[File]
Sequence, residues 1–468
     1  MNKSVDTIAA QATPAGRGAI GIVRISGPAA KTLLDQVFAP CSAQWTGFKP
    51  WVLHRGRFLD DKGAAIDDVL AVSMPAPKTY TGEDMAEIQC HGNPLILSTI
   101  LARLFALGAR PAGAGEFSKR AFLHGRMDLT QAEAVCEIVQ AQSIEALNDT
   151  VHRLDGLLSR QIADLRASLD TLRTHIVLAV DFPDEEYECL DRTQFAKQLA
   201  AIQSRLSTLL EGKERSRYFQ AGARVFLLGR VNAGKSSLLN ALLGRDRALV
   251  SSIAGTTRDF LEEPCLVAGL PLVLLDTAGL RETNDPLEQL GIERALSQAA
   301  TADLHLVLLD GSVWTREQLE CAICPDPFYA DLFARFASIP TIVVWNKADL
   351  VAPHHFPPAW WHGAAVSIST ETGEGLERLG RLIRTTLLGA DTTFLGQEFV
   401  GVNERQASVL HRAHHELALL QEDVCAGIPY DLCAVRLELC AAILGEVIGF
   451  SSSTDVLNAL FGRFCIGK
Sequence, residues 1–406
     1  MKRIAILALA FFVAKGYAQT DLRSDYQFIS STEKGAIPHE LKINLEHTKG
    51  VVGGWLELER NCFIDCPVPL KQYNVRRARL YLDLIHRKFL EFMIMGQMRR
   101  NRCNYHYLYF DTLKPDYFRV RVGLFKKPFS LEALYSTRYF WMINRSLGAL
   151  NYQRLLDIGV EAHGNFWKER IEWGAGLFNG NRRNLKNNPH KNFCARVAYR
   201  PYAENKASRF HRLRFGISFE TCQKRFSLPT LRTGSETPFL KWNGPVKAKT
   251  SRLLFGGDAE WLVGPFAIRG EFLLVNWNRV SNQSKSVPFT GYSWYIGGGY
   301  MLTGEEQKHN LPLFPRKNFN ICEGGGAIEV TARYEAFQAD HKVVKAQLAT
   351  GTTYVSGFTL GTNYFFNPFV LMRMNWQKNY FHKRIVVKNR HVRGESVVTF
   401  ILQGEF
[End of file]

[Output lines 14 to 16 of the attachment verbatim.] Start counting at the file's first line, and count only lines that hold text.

    51  VVGGWLELER NCFIDCPVPL KQYNVRRARL YLDLIHRKFL EFMIMGQMRR
   101  NRCNYHYLYF DTLKPDYFRV RVGLFKKPFS LEALYSTRYF WMINRSLGAL
   151  NYQRLLDIGV EAHGNFWKER IEWGAGLFNG NRRNLKNNPH KNFCARVAYR